However the nadir came in Freeman’s final over as Rich Kendall smeared Freeman towards the short straight boundary at the other end of the ground where Keeley and Vanhoof converged quickly on the slowly rolling ball. Owing to a lack of communication they both adopted an “Afetr you, Claude” approach to stopping the ball and stood mesmerised as the ball trickled over the boundary, an incident that did little to appease Bexfield’s mood, as the Offley captain performed a vintage double teapot before bending over in disgust. Lilley closed on 169, setting Offley an eminently gettable target of 170 from 40 overs for victory.

With Barker unable to bat Offley needed a good start. Unfortunately shorn of their Flintoffian inspiration, Offley were soon in dire straits. Offley’s opening partnership produced a resounding zero for the second day in a row. Bexfield fell in the first over, misjudging an attempted pull short and giving Shah the catch off the bowling of Ashby. Bexfield duly departed for a duck, thereby continuing his unhappy trend of succumbing to short-pitched deliveries from Lilley’s bowlers.

Brodie and Patel added 15 for the 2nd wicket – the highest partnership of the day as it transpired – before Patel took on the short ball and was caught without scoring. Brodie decided that attack was the best form of defence and duly looked to carry the assault to the bowlers. He struck three boundaries and a six before falling for 21 to leave Offley in disarray on 29-3.

Keeley marched to the crease, determined to revive Offley’s fortunes and launch his bid to win the sixes league. Our sources suggest that Keeley was determined to swing from the hip from the outset, routinely attempting to heave the bowlers into the nearby fields. Keeley attempted to land some mighty blows but, alas, in terms of cricketing heavyweights he was more Audley Harrison than Muhammad Ali. Consequently Keeley contributed just 3 runs to the score before being bowled attempting another lusty blow. The ball kept treacherously low, skidding all along the surface (allegedly) but the net result was the scoreboard’s grim reading of 33-4.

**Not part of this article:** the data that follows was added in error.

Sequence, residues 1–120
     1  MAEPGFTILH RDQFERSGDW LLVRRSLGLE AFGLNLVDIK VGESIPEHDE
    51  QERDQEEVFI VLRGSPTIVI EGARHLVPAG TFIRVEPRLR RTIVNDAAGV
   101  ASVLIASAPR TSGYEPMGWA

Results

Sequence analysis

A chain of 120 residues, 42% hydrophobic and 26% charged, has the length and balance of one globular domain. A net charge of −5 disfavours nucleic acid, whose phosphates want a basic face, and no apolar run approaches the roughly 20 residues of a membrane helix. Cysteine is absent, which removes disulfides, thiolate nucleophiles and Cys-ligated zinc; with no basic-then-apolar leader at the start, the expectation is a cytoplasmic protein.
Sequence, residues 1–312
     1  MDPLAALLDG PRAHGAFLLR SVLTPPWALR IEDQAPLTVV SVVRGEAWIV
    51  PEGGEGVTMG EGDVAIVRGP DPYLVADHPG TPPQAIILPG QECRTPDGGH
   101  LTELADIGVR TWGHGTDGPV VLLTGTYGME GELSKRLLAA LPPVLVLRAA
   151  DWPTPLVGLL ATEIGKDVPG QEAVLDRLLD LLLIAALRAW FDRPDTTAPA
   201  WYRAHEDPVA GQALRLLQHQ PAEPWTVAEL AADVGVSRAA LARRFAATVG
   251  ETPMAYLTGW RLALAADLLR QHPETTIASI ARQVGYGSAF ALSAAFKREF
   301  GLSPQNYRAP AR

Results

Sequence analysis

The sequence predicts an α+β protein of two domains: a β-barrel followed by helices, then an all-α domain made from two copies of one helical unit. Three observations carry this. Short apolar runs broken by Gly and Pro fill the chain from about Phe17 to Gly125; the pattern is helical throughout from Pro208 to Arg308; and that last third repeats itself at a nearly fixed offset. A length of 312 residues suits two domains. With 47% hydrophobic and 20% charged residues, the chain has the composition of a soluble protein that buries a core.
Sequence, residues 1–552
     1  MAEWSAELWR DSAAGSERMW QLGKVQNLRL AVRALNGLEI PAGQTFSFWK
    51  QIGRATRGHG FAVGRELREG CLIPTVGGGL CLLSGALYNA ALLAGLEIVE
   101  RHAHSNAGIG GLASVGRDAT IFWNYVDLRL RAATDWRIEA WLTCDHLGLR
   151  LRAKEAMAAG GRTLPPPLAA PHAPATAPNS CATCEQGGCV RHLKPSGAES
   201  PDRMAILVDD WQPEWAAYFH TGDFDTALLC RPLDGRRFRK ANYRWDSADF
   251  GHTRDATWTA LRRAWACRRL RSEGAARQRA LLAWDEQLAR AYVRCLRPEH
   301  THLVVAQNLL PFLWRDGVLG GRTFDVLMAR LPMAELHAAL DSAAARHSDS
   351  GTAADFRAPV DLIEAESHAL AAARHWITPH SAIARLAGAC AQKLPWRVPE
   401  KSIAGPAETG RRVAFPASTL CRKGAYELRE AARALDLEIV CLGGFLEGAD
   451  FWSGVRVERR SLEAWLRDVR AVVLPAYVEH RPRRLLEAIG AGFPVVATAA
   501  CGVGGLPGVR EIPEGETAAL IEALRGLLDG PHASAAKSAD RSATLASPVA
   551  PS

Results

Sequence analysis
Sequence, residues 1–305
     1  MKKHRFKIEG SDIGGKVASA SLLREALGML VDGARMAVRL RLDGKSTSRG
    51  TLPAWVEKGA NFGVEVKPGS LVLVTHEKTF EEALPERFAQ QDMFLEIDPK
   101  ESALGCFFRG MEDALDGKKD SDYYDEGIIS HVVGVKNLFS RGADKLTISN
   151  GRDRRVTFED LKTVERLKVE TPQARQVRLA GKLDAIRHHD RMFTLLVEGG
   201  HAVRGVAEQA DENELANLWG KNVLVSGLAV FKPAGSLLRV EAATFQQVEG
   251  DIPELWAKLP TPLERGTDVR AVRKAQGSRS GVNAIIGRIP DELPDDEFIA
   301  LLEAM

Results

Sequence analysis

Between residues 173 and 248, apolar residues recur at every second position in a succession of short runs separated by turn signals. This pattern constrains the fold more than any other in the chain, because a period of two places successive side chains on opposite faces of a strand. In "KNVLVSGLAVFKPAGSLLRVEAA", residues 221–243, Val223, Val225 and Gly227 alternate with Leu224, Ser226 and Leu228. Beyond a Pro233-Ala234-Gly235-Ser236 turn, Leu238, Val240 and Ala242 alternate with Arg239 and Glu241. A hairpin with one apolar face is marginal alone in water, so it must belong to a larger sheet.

Lunney and Wardley provided some dogged middle-order resistance, sharing a doughty stand of 12 runs to help Offley reach the relative prosperity of 45-4. However, everything disintegrated in a cascade of wickets as Offley were bundled out for 51, the last five wickets tumbling for just 6 runs.

Lunney edged a catch to the keeper and departed for 7 to give Malik his fourth wicket of the day. Wardley was undone by Perry’s spin and chipped a catch to a fielder to go for 3. Vanhoof managed a couple of runs before he holed out against Khan and suddenly Freeman and Austin found themselves together in the middle needing 123 to win. The previous week Austin had shared in an unbroken stand of 123 so there was hope. However, moments later Freeman and Austin not only found themselves together in the middle but also at the same end as Freeman’s kamikaze running between the wickets claimed another victim. The upshot was that Austin was run out by Freeman for the second time this season and for at least the third time in their history of batting together. The scoreboard read 47-8 and at this point Offley had lost four wickets scoring 2 runs.

A late flurry dragged the score past 50. However, with Freeman keen to come back for a second run and Ward apparently showing less enthusiasm for the run, the innings ended with another run out. Freeman, typically, made his way to safety, leaving Ward run out without scoring, thereby giving him his second duck of the weekend and enabling him to open up a 6-5 lead over Wardley in the race for this year’s duck title.

Possibly there have been worse displays in the 12-year history of Offley & Stopsley Cricket Club, yet in all probability there have not. Freeman claimed it was the worst day in his cricketing career and considering his brace of run outs and lack of wickets it was hard to argue with that assessment. However, on a day when Offley sent 21 batsmen to the crease and a mere three reached double figures, it would be harsh to pin all the blame for the disaster on Freeman’s round shoulders.

In all honesty this was a disaster from start to finish, a patchy fielding display followed up by a shambolic performance with the bat, as the batsmen combined to score just 39 runs, extras fortuitously weighing in with a dozen. Plucky Lilley were given their first win of the season and also provided with an excuse to update their website for the first time in over a month and doubtless there were plenty of pints suck in the Lilley Arms, even though their victory was doubtlessly tarnished by Barker’s absence, an absence that perhaps gave the triumph a slightly hollow ring; perhaps not.

As for Offley, there’s always next week and a chance to bounce back to winning ways at Icknield at Houghton Town. Why can I already feel another headache coming on...